I travelled India for 2 month from top to bottom, had a ‘break’ in Nepal for 6 weeks and we are due to head back into India for another 5 weeks and I don’t want to go! I try to explain to my husband how awful I find India and your post has helped me tell him. I too researched India and having lived in SE Asia before and coming from Europe I am in shock. Yes you hear about the inappropriate behaviour of others but “I’m with my husband” seemed to be my thought process. I’m not a solo female traveller but the soul stealing stares are the exact way I would describe them and aimed right at my chest even tho I am covered with a wrap. I have taken to stopping and catching their eyes and they look away so they know what they’re doing is wrong. The lying and tourist tax isn’t as much of a problem for me. We have it daily but it’s just something that happens but the treatment of me because I’m a woman is unacceptable.
    A man got on the train an moved his arm so he would touch my breast, I shoved him away and he put it back, I told him off in his face and he laughed to his friend. All the while I had to stop my husband from tackling him. What the fuck is wrong here. I would never recommend anything went to India to visit.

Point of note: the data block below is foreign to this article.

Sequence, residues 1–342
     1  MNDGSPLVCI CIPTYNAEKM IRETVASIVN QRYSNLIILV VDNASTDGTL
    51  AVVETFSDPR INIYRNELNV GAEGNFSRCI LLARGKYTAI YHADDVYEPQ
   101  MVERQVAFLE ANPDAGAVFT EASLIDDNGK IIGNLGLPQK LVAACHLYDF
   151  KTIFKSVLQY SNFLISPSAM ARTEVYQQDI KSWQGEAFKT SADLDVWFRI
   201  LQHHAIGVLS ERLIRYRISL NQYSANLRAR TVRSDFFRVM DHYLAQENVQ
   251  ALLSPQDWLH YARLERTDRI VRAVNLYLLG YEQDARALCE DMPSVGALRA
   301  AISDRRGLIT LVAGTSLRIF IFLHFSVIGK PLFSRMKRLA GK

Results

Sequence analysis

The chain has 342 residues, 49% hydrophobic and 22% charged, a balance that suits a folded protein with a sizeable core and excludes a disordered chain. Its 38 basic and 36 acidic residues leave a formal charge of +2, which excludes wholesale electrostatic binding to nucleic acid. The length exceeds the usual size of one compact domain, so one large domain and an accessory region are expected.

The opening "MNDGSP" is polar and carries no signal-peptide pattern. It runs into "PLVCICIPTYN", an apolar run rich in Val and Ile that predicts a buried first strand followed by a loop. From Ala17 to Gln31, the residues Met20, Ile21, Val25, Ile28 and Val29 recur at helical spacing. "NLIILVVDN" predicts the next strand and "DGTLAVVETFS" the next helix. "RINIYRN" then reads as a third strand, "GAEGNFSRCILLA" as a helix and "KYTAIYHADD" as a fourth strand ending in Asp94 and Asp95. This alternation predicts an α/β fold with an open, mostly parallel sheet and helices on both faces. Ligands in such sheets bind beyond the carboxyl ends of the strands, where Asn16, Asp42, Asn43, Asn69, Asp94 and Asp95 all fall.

Oh and the timing this is just Indian, I have experienced that with Indians in Europe,I just wouldn’t have paid for the taxi waiting time. I find it I make a fuss and say no enough times then they don’t make you pay, again this may have been a scam.

  48. Jeet Kaila says:

    My husband and I (over 60) of Indian origin but born in Kenya now live in UK. Husband hadn’t been to India since 1974 and I had been twice before to visit family in Punjab. After retirement We were really looking forward to our trip – Agra, Rajasthan, Amritsar, Goa, roughly a month. We faced scams, lies on a daily basis. The noise, filth and lack of personal space. We thought we are going home and it was the most unfriendliest place. People in shops and taxis were out to get you. All the shoving and pushing with no regard or respect.

    We saw some very interesting historical sights but everywhere there was an incident that made us feel very uncomfortable.